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Southwest Airlines launches compensation program for flight delays

Southwest Airlines (LUV.N), said it had launched a compensation program for flight delays as part of a $140 million U.S. Department of Transportation settlement over the carrier's meltdown in December 2022 during a busy holiday travel period.

Southwest in December 2023 agreed over three years to provide $90 million in travel vouchers of $75 or more to passengers delayed at least three hours getting to final destinations because of an airline-caused issue or cancellation, and to start the program by April 30.

The airline said on Monday it had quietly launched the program on April 16 and has already heard from a few thousand customers seeking vouchers.

The airline agreed to the compensation program after the holiday meltdown that resulted in 16,900 flight cancellations and stranded 2 million passengers. The settlement included a $35 million cash fine.

A massive winter storm in December 2022 and subsequent chaos prompted travel horror stories such as people missing funerals or long-awaited holiday gatherings, passengers with canceled flights forced to make cross-country drives of 17 or more hours and some cancer patients being unable to get treatment.

The delay compensation program is part of the Biden administration's aggressive efforts to get tough on airlines as it aims to require new passenger compensation. Vouchers will be awarded "upon request," Southwest said.

Southwest CEO Bob Jordan said in December the $30 million in vouchers annually was "the right number" to commit to given its operational performance.

Asked if Southwest would end the program after three years, Jordan said consumer programs "rarely change or go away."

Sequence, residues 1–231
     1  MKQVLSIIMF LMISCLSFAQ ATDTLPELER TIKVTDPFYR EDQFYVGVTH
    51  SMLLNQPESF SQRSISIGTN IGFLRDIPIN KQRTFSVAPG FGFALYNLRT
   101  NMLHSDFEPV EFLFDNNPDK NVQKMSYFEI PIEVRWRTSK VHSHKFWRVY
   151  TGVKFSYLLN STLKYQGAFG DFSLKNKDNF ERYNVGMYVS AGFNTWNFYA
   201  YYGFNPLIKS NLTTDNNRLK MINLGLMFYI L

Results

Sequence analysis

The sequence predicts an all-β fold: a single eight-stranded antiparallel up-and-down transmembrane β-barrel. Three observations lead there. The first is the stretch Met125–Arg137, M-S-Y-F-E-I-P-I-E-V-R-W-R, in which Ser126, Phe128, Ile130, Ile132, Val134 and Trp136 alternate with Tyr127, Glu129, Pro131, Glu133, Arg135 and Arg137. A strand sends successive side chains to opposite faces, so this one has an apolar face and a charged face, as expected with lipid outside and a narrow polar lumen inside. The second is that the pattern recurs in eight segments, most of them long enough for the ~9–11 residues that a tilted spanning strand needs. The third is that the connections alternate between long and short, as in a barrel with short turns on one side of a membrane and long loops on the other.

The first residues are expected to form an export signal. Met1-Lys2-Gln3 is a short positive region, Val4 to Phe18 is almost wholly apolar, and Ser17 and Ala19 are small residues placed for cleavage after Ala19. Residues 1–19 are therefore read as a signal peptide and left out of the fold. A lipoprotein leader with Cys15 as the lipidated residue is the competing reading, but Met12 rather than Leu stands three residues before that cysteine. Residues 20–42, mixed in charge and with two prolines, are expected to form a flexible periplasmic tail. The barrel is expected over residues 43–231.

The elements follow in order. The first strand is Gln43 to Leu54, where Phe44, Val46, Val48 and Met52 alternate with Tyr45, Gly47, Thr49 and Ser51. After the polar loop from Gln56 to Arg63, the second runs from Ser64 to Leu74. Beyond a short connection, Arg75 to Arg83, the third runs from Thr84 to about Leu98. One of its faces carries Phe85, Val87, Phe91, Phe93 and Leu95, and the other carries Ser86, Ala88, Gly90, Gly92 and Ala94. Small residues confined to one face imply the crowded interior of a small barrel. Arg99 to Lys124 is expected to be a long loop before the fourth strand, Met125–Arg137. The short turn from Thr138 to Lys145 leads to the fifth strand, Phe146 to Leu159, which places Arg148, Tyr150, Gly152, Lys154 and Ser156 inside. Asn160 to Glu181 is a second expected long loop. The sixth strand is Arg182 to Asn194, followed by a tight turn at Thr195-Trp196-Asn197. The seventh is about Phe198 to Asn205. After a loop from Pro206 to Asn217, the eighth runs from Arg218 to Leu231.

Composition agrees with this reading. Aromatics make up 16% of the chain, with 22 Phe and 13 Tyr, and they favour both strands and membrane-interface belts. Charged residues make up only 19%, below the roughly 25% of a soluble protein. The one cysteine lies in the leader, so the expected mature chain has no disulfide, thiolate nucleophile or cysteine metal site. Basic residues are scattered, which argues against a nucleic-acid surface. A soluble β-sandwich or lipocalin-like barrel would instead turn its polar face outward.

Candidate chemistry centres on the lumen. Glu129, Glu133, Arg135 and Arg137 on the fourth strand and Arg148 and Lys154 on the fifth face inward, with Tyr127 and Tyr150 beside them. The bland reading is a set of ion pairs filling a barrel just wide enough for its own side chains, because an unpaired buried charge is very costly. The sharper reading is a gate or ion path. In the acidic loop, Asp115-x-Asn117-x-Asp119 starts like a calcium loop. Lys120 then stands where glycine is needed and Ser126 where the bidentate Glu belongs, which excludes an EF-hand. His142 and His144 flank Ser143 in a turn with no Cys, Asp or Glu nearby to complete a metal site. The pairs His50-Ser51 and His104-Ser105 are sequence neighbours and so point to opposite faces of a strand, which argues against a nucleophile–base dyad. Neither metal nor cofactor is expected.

Rival U.S. airlines have not put in place similar programs and do not yet face a mandate to do so.

President Joe Biden said last May that the DOT would propose new rules requiring airlines compensate passengers with cash for significant controllable flight delays or cancellations by the end of the year. The DOT has not issued its proposal, and Congress has declined to mandate compensation for delays in a pending aviation reform bill.

Transportation Secretary Pete Buttigieg said last week Southwest under the delay compensation requirement will "really lead the market and it will be very interesting to see how other airlines respond - not as punishment but by way of competition."

The DOT in 2022 asked carriers if they would pay at least $100 for delays of at least three hours caused by airlines and none agreed.

Most carriers - including Southwest - voluntarily committed in August 2022 to provide hotels, meals and ground transportation for airline-caused delays or cancellations but resisted providing cash compensation as is required in the European Union.

This article originally appeared on Reuters

Image source: REUTERS/Jim Vondruska/File Photo

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